Pantoums: The Boulder’s Dream

Photo by Jakub Novacek on

This week I was happy to see what I’m calling my ‘experimental pantoums’ appear in One Hand Clapping. The magazine is one of those online gems, fully of interesting stuff. This is all down to the editorial choices – it’s elegantly curated and varied. I think journal and magazine choice quality is subjective, I tell mentees that they should submit work the magazines and journals they respect and who feature work that they themselves like to read over where they think their work should appear, but there is definitely a difference in quality between a hastily thrown together online magazine and something like this one in which thought has gone into the aesthetics, the curation, the identity of the magazine. Putting together a magazine is a labour of love that takes many more hours of time that perhaps is imagined. I strongly suggest you settle into a comfy chair with a nice cup of tea and dive into the work in One Hand Clapping for an hour or so, and you can do that by following this link, where to you also find my pantoum sequence: Link to One Hand Clapping.

Pantoums are a nice form. I think I’ve said before that I like repeating forms. I like them because a lot of my work is about the overlaying of self over self, the seams between past versions of self and current, the way that times move in a non-linear fashion and often life events feel like they have just happened. This is, obviously, a difficult concept to capture in a poem. Any big concept is difficult to capture in a poem. Structured forms can help in that regard. Where free verse is structured from the inside, structured forms are containers, or exterior scaffolding of the poem. They can shape how the reader comes to the poem and a poet can use a structured form to enhance the content of the poem. Which is what my aim was for the pantoum sequence.

The pantoum form is derived from the ‘Pantun’ which is a Malay form, an oral poetry form thought to be older than written language. The idea that I can capture my own poem, about my own experiences, in a poem form derived from a form that was passed mouth to mouth in a part of the world far, far away, and that there is a link there; between the timelessness of language and story telling and more – humanity and our need to communicate via art, it gives me goose bumps.

A traditional pantoum, the english version at least, has repeating lines and looks a bit like this:

(find out more by following this link: wikipedia)

Stanza 1

Stanza 2

Stanza 3

Stanza 4
I (or A or C)
J (or A or C)

I do think that once you get to grips with a form you can and should explore it. Most structured forms were created in non-english languages, a lot of them are hundreds and hundreds of years old, it is, therefore, unnecessary to be a purist about the form, in fact it can be detrimental to the content if you try to remain rigidly attached to some structured forms as it ends up bending the content to breaking point, you end up sounding like you are pretending to be hundreds of years old yourself. If intentional that’s great, but if not, that’s distracting. Content is king in the world of poetry, the form you choose affects the reading of the content, it can enhance it, but it can also strangle it.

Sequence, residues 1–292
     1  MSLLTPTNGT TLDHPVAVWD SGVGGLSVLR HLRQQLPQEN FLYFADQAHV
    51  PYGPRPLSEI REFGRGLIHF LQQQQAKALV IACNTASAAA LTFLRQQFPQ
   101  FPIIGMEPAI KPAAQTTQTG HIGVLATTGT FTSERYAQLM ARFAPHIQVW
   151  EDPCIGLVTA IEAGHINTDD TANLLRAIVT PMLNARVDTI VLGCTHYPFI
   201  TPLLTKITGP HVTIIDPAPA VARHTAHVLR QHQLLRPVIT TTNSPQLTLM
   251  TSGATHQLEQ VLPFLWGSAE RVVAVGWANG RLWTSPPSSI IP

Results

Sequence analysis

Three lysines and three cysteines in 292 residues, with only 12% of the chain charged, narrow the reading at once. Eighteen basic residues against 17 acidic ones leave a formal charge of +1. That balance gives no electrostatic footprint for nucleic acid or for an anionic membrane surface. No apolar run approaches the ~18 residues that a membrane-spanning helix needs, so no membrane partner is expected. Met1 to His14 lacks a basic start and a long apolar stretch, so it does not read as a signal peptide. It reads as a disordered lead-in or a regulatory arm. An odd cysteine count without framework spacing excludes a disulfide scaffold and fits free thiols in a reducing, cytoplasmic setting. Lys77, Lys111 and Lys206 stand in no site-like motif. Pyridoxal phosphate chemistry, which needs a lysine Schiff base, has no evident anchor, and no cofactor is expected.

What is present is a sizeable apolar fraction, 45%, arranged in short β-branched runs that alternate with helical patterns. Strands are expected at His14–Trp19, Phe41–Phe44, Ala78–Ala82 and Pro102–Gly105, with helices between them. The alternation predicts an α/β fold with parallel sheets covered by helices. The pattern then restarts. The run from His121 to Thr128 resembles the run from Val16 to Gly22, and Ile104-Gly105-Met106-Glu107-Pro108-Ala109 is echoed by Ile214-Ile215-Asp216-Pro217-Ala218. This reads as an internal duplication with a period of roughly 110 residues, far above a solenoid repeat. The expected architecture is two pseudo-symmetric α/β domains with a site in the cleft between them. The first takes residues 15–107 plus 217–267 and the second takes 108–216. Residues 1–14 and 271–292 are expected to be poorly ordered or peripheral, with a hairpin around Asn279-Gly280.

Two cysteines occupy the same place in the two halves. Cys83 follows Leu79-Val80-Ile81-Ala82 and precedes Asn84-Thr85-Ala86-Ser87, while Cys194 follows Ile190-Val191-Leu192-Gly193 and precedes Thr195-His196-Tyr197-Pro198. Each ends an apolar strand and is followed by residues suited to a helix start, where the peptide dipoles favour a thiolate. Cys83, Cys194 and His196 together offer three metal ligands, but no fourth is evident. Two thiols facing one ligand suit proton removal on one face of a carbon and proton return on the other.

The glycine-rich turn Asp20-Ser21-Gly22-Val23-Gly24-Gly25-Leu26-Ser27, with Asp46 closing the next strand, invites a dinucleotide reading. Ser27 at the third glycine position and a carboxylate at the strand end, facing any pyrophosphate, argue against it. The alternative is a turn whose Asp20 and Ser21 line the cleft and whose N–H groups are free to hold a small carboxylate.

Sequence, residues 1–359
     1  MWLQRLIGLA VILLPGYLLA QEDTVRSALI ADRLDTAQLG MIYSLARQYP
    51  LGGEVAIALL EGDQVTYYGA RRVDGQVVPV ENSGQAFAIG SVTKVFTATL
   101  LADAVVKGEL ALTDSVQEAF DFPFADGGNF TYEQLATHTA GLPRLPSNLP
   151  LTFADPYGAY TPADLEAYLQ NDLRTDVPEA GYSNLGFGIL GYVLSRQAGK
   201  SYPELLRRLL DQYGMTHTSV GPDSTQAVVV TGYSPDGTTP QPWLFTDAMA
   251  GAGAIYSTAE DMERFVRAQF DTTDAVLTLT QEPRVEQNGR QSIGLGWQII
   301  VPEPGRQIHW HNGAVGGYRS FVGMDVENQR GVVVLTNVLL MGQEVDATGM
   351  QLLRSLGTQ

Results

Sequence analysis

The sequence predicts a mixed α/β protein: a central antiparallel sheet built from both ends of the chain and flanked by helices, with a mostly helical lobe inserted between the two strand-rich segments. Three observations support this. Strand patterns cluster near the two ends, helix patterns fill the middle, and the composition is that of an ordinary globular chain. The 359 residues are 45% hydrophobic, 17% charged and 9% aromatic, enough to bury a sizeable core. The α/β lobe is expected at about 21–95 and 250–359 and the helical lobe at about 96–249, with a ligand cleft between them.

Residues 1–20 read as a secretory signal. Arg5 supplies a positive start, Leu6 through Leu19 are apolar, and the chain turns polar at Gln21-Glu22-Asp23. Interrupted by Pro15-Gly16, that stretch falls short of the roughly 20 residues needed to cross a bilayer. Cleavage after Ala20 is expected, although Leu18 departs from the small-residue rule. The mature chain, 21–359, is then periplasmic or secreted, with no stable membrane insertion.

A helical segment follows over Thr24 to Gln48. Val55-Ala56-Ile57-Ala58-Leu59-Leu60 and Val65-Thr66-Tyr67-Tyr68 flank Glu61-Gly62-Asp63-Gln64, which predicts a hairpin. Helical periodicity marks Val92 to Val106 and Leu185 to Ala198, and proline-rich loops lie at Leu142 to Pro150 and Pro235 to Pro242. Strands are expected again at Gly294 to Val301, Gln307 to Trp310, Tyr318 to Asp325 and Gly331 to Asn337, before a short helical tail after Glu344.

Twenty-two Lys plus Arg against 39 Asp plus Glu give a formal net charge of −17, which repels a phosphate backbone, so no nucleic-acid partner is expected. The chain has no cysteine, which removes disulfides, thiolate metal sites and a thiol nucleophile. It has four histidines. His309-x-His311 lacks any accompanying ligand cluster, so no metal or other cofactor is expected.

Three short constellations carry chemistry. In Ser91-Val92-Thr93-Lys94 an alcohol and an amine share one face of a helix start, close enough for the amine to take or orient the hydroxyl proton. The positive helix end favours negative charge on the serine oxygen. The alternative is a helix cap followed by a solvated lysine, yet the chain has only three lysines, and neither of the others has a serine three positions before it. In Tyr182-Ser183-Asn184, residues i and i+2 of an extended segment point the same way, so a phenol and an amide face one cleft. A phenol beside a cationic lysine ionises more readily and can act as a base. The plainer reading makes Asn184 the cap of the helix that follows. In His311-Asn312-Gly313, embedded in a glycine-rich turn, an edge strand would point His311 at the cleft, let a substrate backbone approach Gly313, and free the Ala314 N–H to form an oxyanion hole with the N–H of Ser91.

The boulder in my poems is a real erratic boulder, you can read a bit about it here, though I should add there is a factual inaccuracy in this blog – the boulder was moved in 1987, not 1947. I watched it being moved, I was nine. But everything else is right and it gives a nice over view of the history of it, and pictures of it. Link to The Crossgates Boulder blog

I’m writing a lot about my place in the landscape I grew up in and have remained in right now. Every morning I watch the sun rise while I sit in my office at 7am putting the work in. I’m mostly working in prose right now as I work on my big prose project. The next Spelt dawn Chorus sessions start in January, you can come and jin me for five days of 7am writing in the deep sleep of January dark if you’d like, here’s the link where you can book your place and find out more – link to Dawn Chorus. And if you fancy writing poems with me I’m running a four week zoom poetry group in January too. It’ll be nice to see you there. Here’s the link: Prompts and Poems Writing Group

I am thinking a lot about how my own magazine Spelt is run too right now, and how we will survive in a place where people are strapped for cash. Changes are afoot. So it’s even more special to see work, quite experimental and long work, being taken and platformed by magazines like One Hand Clapping. Bravo for editors who care about their writers and their readers I say. From this writer and editor, I salute you.

If you want to read some more pantoums, you can find a good stash of them on the Poetry Foundation website, here’ the link to it: Link to Poetry Foundation website

Until next time


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